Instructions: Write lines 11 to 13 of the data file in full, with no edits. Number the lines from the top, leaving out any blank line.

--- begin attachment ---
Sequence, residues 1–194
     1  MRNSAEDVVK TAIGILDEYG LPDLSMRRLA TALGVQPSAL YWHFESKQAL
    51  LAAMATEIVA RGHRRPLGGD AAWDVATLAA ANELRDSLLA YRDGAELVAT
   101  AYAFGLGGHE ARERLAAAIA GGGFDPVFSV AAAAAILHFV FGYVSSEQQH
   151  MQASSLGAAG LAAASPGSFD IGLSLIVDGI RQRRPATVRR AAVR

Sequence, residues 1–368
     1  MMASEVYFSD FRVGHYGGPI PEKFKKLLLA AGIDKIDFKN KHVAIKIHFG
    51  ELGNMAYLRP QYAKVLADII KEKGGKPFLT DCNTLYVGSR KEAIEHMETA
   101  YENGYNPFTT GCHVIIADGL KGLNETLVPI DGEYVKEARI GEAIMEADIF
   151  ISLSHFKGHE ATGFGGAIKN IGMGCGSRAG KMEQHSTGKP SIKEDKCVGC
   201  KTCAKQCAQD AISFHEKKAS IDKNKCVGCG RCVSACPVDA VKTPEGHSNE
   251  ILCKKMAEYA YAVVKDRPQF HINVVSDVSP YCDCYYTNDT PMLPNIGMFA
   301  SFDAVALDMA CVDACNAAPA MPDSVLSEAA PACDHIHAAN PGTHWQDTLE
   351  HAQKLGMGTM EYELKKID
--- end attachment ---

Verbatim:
   201  KTCAKQCAQD AISFHEKKAS IDKNKCVGCG RCVSACPVDA VKTPEGHSNE
   251  ILCKKMAEYA YAVVKDRPQF HINVVSDVSP YCDCYYTNDT PMLPNIGMFA
   301  SFDAVALDMA CVDACNAAPA MPDSVLSEAA PACDHIHAAN PGTHWQDTLE